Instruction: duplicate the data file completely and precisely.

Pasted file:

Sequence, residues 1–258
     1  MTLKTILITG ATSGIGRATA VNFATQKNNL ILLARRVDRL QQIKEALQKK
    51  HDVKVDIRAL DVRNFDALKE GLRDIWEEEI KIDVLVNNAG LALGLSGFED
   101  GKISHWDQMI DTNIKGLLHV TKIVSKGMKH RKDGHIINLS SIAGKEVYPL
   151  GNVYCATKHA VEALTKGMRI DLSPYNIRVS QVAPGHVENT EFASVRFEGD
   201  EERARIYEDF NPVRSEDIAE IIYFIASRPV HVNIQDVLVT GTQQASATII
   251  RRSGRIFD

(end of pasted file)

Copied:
Sequence, residues 1–258
     1  MTLKTILITG ATSGIGRATA VNFATQKNNL ILLARRVDRL QQIKEALQKK
    51  HDVKVDIRAL DVRNFDALKE GLRDIWEEEI KIDVLVNNAG LALGLSGFED
   101  GKISHWDQMI DTNIKGLLHV TKIVSKGMKH RKDGHIINLS SIAGKEVYPL
   151  GNVYCATKHA VEALTKGMRI DLSPYNIRVS QVAPGHVENT EFASVRFEGD
   201  EERARIYEDF NPVRSEDIAE IIYFIASRPV HVNIQDVLVT GTQQASATII
   251  RRSGRIFD